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Body-worn cameras will be trialled by DVSA.

What is the matter with everyone? Have we all suddenly decided we’re entitled to treat other people like dirt?

Are we copying our government’s behaviour – for example, to the unemployed and disabled?

Or is there another, underlying reason?

The latest organisation revealed to have been hit by the abuse epidemic is the Driver and Vehicle Standards Agency, which employs driving examiners, vehicle testers and roadside enforcement staff.

Between April 2016 and March this year, more than 300 staff suffered physical or verbal abuse while doing their jobs – an increase of more than 50 per cent on the previous year.

According to the organisation, attacks on staff have included:

• verbal abuse and death threats;
• damaging staff cars and offices;
• serious physical assaults;
• lorry drivers trying to run DVSA enforcement cars off the road; and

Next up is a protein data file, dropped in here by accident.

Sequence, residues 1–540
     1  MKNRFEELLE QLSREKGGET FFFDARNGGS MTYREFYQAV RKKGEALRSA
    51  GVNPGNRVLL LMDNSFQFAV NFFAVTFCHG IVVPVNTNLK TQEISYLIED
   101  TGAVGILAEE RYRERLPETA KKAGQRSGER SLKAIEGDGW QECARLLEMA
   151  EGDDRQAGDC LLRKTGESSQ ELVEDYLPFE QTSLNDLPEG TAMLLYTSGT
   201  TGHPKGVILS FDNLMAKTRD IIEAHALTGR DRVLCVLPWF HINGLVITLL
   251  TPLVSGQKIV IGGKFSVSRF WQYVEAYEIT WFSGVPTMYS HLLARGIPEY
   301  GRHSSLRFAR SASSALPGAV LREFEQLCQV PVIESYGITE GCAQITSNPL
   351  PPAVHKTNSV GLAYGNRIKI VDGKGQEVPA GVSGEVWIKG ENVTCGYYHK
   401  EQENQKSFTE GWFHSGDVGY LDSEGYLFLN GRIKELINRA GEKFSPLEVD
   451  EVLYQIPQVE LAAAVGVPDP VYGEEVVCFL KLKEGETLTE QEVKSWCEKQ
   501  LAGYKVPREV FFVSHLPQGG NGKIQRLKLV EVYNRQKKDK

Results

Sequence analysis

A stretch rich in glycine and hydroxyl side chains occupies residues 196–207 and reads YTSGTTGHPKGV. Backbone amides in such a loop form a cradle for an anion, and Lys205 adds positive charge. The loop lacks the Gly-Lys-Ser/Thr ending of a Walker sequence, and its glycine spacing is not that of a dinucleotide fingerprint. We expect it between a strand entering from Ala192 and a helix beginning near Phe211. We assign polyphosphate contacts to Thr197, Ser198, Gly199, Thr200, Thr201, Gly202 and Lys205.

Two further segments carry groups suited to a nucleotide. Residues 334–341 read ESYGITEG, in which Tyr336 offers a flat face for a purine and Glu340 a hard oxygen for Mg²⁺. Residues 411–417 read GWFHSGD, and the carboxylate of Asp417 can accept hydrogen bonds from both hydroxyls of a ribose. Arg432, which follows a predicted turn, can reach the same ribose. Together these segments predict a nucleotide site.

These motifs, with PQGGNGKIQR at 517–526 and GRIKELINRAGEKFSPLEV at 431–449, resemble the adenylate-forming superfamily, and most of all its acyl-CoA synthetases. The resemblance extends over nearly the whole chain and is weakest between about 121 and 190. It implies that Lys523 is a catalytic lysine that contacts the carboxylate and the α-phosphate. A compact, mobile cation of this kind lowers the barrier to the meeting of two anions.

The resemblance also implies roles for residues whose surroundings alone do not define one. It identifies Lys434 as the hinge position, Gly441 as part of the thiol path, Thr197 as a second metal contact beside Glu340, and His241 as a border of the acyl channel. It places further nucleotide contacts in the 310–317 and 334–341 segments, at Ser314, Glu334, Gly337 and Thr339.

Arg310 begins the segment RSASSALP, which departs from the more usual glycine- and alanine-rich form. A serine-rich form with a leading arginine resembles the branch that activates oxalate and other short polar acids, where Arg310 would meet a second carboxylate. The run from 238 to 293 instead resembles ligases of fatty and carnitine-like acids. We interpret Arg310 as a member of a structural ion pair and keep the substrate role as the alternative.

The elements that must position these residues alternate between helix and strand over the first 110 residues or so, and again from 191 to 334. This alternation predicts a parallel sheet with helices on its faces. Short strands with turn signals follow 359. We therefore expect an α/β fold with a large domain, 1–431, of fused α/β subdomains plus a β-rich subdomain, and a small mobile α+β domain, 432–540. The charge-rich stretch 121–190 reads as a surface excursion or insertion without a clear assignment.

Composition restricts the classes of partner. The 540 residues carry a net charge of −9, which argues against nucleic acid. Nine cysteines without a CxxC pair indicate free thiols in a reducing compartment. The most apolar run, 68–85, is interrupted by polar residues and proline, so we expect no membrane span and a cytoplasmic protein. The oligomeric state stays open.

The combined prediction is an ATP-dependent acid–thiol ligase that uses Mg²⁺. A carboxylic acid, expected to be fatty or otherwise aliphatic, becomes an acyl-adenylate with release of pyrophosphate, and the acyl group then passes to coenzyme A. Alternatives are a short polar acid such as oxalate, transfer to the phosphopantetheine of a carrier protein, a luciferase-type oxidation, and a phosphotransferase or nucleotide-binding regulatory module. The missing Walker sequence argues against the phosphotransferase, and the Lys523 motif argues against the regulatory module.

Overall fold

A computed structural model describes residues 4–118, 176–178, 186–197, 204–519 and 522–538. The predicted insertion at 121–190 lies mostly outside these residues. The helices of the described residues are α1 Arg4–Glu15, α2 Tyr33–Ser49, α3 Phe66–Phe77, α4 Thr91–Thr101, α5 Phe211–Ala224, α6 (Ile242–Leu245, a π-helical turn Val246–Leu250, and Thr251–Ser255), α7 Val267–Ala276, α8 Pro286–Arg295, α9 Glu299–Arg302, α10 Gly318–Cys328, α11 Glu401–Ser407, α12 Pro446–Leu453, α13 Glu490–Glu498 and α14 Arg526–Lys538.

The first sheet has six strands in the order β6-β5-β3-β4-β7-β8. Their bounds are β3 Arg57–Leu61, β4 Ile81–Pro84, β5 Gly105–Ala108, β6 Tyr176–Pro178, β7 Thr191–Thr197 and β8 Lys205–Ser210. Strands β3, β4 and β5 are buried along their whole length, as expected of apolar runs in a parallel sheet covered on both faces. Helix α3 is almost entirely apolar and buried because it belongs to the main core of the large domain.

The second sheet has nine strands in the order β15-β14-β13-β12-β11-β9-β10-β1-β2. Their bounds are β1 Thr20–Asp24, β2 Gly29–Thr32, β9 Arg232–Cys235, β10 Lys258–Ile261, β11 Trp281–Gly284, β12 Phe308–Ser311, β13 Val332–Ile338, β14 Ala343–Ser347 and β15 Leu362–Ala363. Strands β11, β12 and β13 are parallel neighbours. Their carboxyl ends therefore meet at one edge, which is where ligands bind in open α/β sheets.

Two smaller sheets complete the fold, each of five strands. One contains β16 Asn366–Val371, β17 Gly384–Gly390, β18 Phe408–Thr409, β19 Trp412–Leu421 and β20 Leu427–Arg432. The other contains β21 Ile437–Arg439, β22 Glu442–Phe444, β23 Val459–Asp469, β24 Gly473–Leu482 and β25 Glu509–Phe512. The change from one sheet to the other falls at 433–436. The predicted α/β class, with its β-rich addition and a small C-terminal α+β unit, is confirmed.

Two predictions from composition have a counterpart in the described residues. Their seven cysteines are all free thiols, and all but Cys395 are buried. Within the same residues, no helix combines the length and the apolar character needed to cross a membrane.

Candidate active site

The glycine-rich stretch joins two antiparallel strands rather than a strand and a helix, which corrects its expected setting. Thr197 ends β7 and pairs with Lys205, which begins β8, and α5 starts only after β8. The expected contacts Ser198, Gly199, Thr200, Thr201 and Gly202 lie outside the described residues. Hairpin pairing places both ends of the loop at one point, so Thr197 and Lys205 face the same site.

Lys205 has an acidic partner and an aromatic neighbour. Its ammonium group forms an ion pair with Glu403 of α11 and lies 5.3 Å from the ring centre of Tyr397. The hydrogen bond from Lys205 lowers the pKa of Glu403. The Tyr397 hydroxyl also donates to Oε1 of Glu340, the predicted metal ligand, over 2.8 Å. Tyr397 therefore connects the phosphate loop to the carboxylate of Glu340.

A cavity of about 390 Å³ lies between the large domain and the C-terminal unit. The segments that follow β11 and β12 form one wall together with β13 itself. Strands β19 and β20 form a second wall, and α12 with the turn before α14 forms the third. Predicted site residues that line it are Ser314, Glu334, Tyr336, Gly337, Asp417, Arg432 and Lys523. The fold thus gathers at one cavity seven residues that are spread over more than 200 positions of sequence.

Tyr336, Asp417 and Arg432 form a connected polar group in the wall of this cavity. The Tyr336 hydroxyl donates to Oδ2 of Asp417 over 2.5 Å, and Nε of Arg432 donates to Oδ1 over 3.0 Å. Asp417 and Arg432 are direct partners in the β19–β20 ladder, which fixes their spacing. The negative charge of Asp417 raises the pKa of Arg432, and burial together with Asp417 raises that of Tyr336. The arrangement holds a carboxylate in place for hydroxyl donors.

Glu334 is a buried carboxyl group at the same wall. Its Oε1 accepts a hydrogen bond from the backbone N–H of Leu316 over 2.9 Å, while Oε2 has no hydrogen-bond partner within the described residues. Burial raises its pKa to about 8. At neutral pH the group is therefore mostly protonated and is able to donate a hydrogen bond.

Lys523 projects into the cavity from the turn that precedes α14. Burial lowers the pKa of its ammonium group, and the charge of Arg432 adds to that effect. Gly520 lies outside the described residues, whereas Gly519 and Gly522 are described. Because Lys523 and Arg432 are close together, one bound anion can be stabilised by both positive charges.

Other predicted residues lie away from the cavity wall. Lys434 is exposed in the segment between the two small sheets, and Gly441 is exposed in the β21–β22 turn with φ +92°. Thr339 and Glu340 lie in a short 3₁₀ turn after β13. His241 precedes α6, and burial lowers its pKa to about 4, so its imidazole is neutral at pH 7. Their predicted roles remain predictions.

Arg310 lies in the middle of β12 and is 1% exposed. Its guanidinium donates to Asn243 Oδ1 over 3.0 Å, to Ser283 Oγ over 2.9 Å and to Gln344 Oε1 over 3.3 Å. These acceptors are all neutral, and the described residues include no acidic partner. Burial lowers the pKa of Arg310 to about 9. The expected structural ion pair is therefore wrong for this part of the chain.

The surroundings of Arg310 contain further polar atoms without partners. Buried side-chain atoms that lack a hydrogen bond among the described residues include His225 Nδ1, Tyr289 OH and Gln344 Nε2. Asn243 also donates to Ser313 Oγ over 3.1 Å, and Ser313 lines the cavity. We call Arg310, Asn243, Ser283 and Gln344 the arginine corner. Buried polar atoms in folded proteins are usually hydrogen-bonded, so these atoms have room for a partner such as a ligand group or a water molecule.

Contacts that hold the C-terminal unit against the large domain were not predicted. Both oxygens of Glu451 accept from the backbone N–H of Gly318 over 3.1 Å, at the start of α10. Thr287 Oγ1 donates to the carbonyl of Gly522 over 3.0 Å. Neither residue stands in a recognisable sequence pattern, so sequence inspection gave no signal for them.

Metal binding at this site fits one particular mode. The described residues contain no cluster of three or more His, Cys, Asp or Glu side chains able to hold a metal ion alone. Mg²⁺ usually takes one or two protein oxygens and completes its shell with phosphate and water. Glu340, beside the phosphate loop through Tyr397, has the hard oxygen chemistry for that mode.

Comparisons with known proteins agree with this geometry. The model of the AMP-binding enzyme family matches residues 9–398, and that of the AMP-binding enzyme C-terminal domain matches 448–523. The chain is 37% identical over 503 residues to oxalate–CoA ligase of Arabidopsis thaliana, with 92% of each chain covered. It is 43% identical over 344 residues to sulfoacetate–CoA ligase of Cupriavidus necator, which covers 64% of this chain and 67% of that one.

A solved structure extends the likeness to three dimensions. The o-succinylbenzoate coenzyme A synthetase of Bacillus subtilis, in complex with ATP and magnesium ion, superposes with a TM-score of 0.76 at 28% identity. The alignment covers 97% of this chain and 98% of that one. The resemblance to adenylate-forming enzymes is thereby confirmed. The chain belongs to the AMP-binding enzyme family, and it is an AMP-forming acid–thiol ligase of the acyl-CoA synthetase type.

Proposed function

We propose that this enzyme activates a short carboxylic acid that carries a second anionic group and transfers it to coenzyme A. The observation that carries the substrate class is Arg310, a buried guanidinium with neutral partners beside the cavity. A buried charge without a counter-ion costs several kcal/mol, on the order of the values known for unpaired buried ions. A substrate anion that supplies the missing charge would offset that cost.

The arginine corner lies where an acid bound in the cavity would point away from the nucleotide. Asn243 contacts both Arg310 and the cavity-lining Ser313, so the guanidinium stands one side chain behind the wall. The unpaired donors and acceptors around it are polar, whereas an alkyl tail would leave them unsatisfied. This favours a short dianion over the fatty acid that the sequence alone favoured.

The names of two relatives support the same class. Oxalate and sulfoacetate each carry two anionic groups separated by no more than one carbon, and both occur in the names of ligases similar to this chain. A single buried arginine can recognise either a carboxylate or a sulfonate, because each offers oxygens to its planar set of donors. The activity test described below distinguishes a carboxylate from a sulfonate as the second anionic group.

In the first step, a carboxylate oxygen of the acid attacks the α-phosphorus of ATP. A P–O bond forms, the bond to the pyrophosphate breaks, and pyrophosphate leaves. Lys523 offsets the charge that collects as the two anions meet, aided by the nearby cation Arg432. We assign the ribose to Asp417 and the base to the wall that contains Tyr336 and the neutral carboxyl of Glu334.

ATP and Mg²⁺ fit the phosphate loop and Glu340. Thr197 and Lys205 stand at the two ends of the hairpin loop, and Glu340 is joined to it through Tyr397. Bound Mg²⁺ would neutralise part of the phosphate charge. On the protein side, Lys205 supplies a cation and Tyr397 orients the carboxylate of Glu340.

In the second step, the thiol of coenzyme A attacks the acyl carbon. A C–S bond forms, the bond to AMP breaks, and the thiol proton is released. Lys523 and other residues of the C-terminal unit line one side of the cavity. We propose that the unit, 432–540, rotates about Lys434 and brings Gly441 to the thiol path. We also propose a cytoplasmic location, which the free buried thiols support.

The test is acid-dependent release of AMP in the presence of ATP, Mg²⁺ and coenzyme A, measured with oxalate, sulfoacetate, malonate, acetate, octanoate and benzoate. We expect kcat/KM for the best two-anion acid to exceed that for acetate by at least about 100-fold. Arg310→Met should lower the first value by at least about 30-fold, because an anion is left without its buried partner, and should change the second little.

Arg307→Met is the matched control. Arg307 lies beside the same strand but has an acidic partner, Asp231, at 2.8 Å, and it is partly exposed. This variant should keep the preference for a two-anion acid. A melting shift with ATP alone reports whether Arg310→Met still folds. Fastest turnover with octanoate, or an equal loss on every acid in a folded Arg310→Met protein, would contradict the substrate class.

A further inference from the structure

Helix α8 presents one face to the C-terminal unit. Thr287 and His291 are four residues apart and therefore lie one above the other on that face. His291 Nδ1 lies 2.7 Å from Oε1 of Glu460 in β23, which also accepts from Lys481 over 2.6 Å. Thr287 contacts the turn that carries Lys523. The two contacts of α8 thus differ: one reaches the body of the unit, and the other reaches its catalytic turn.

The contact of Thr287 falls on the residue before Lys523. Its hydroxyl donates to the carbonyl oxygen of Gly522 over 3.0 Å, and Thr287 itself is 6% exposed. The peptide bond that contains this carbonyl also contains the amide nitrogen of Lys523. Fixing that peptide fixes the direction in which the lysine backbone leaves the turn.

• failed driving test candidates driving off with their examiner still in the car, against their will.

The DVSA is launching a campaign to stop the abuse, which it describes as “completely unacceptable”.

At driving test centres, learner drivers who swear at or verbally abuse staff will be forced to:

•use a different test centre the next time they take a test; and
•take future tests with an extra supervisor present.

Anyone who threatens or assaults examiners, drives off with an examiner still in the car, or damages DVSA property will:

•be reported to the police; and
•face the strongest possible penalties.

Although it is extremely rare, driving instructors sometimes try to influence the results of a driving test by harassing or threatening examiners. They face being:

•banned from specific driving test centres;
•removed from the approved driving instructor register.

At the roadside, at operator sites or authorised testing centres, DVSA will:

•record any abuse from commercial drivers and vehicle operators as evidence for any investigation by the traffic commissioners – they have the power to suspend or take away driving licences and operator licences; and
•report serious incidents to the police.

In some busy sites, enforcement staff are starting to trial body-worn cameras to capture evidence of abuse.

 

There’s no excuse for abuse against people who are simply trying to make our roads safer.

But is this campaign a good idea? Or does it go too far?

Your opinions are invited.


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